Money Matters

Home Alone or Failure to Launch?

2 May 2016 by: jhurley 

The after-college situation has changed a great deal from a generation ago. At least 66% of college graduates earn their degree by taking on a significant amount of debt, which hangs over their heads long after final exams are over. The average class of 2015 graduate with student-loan debt will have to pay back a little more than $35,000, according to an analysis of government data by Mark Kantrowitz, publisher at Edvisors, a group of websites about planning and paying for college. Even adjusted for inflation, that’s still more than twice the amount borrowers had to pay back two decades earlier.


This student loan debt, combined with credit card balances that may have gotten out of hand, makes it very easy for graduating seniors to become part of the “boomerang generation” who move back in with their parents following commencement. For those who don’t have a job waiting for them after graduation, moving home can be an economic necessity. For those with jobs, moving back home is a way to live inexpensively and save money for a major purchase such as a car or home.

It is fine to have family members move back home, as long as their presence does not jeopardize your retirement savings or add to the expense and strain if you are also taking financial and physical care of elders. However, before any child moves back home, it is crucial to lay down some ground rules and discuss expectations so you don’t end up ruefully thinking you should have changed the locks.

Here are several recommendations to consider before welcoming your college graduate back to the family home:

Promise not to overextend yourself.
Don’t allow the return of the prodigal son or daughter to derail your own retirement or debt repayment plans. Your child is old enough now to understand that you should be helping each other and that this is a short-term situation.

Your house, your rules.
Your child is now an adult. This does not mean they can live in your home without any limits or rules: it means setting up specific rules and responsibilities for family members who benefit from your generosity. It is probably a good idea to insist that your child pays some kind of rent. Discuss and agree, in writing, about the terms for household expenses and what services, if any, you will provide and what chores they will perform as “in kind” support for the household. To ensure that there are no misunderstandings about non-financial issues, talk about things such as how much “stuff” they can bring with them, what your overnight guest policy is, and how often you would appreciate them checking in with you.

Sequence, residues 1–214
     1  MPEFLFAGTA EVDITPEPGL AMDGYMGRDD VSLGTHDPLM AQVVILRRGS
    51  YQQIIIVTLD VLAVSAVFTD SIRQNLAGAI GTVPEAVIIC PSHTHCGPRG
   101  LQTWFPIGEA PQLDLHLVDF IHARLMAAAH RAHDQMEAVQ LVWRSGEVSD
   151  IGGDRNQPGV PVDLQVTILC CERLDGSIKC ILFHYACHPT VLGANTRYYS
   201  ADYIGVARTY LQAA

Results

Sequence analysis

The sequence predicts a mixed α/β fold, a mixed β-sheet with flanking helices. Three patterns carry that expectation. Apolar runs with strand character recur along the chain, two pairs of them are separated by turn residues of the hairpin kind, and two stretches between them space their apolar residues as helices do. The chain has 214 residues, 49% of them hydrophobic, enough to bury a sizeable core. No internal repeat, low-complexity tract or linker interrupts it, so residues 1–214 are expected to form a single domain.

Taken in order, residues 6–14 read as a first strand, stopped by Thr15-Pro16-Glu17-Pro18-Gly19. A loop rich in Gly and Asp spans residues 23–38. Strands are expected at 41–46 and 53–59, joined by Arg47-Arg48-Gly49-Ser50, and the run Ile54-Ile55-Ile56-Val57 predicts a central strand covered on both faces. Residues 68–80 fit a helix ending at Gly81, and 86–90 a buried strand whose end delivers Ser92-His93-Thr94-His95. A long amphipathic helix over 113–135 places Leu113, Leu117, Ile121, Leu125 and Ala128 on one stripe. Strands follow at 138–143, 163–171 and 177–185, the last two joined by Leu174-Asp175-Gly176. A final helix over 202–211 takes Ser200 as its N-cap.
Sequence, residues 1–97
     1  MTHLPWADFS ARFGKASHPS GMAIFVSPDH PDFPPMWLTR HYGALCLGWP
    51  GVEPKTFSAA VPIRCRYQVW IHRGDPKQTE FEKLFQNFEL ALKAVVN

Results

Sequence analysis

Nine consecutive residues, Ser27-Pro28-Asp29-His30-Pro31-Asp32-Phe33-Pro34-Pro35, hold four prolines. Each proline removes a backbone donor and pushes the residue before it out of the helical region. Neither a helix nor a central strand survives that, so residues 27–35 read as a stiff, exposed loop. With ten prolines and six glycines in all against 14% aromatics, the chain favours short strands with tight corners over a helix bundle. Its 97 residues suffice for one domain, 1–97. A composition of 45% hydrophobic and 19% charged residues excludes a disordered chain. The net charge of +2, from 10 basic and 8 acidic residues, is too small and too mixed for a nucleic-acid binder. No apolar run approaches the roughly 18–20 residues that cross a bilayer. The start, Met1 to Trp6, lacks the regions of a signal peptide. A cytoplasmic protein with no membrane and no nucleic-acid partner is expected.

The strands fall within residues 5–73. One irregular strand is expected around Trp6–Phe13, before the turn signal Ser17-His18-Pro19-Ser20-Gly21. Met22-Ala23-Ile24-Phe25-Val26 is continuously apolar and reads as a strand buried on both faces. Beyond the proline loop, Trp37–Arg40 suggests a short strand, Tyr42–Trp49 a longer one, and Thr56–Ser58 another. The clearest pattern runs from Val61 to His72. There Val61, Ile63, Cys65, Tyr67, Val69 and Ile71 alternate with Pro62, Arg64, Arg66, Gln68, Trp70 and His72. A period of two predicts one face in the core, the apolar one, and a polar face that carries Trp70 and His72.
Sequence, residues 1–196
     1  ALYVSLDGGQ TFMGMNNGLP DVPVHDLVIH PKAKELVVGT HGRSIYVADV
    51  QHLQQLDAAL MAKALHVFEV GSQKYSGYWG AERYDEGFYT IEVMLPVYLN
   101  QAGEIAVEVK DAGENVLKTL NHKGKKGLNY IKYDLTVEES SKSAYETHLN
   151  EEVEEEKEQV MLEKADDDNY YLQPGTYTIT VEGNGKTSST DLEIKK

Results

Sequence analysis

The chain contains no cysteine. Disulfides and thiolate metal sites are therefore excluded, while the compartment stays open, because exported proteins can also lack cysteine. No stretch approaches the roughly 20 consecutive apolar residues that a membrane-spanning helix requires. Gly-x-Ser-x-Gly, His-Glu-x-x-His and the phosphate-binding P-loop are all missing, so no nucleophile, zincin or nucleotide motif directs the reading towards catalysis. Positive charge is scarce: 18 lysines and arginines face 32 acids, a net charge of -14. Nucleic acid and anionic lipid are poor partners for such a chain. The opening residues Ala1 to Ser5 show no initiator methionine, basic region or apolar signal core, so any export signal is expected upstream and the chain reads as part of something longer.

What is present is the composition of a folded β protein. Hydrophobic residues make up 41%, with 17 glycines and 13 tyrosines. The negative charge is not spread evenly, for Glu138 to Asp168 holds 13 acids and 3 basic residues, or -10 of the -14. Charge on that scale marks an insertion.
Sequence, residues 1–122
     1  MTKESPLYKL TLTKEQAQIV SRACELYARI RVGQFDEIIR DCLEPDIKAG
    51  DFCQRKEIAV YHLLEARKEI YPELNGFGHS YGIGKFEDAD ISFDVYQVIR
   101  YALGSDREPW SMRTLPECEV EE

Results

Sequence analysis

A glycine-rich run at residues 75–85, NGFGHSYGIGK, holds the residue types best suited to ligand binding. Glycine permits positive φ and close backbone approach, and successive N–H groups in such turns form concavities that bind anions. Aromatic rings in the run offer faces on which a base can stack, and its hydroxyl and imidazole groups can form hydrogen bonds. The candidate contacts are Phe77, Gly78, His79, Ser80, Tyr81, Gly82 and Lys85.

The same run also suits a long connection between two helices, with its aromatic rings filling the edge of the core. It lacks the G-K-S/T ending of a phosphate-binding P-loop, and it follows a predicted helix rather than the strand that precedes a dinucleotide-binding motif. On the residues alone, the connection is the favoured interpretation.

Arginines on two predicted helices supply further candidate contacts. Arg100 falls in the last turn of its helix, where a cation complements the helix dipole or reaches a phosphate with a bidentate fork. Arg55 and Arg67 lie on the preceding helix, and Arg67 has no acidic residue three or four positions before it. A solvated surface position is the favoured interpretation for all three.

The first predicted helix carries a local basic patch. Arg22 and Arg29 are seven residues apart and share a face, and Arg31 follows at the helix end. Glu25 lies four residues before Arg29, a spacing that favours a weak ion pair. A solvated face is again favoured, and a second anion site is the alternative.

Supervise their financial planning.
Do not financially bail out your child. If you have not already instilled in them good financial habits, work with them to set a budget after you both figure out their net worth: a real eye-opener for many young adults.  If it won’t strain your budget or long-term financial goals, you can consider matching the amount that they are putting toward debt or a home down payment each month. Consider paying for some basic financial planning for your new graduate as a graduation present.  (On our website, check out our First Step Financial Plan service that provides initial financial planning assistance.)

Keep records.
Track payments, chores and other in-kind efforts made by your “tenant” during the term of his or her stay. It’s a way to look back and see what’s gone on during this phase in your relationship.

Do you really need to charge rent?
If you are in a relatively good financial position and you don’t need your child’s rent to pay your bills, you might consider investing those amounts for your child’s benefit for a home down payment, car purchase or a wedding.


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